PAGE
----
The precautionary principle is based on a statement from the Rio Declaration on Environment and Development, which states “In order to protect the environment, the precautionary approach shall be widely applied by States according to their capabilities. Where there are threats of serious or irreversible damage, lack of full scientific certainty shall not be used as a reason for postponing cost-effective measures to prevent environmental degradation.” The Preamble to the Convention on Biological Diversity also states, “Where there is a threat of significant reduction or loss of biological diversity, lack of full scientific certainty should not be used as a reason for postponing measures to avoid or minimize such a threat.” The precautionary principle is often interpreted to mean that if there is uncertainty regarding whether a new technology may cause harm to the environment, it should not be introduced. Therefore, while the principle of precaution as written refers to affirmative action to prevent damage to biodiversity, in the case of GMOs (LMOs), it has been applied to prevent actions that have the potential to harm biodiversity when uncertainty about safety remains.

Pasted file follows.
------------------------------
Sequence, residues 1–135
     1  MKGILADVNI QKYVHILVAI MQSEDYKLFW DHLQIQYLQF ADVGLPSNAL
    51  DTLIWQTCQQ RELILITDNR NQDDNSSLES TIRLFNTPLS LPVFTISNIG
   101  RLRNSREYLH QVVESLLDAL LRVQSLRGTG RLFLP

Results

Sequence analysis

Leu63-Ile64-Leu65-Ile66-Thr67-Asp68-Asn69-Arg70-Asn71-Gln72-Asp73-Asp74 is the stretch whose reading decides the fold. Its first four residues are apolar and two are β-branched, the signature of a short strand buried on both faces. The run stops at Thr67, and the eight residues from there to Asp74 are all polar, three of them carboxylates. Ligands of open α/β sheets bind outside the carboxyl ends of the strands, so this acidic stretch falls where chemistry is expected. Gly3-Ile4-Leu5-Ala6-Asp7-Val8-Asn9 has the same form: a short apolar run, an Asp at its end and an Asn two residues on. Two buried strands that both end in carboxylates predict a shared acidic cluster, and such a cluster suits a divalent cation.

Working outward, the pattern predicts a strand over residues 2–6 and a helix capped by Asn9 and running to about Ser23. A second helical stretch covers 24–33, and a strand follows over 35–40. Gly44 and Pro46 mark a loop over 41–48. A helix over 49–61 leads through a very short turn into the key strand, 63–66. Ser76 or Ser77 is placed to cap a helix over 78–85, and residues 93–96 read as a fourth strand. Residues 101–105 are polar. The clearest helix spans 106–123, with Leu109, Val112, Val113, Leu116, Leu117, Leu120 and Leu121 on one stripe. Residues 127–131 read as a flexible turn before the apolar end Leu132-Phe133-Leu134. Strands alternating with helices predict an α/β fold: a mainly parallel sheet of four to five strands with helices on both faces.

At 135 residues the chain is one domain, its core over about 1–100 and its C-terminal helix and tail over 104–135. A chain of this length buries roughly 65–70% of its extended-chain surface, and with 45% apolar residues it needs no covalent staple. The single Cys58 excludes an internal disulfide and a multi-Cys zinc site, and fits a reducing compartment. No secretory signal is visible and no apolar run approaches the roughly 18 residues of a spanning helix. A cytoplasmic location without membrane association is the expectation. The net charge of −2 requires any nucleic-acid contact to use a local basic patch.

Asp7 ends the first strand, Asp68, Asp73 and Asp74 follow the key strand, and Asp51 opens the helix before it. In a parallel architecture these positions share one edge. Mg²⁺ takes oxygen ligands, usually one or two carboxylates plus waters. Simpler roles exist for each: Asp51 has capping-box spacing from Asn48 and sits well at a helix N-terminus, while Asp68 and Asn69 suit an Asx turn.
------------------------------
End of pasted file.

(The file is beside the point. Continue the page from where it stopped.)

This perspective assumes that the status quo always is preferable to a new activity that may carry risks.
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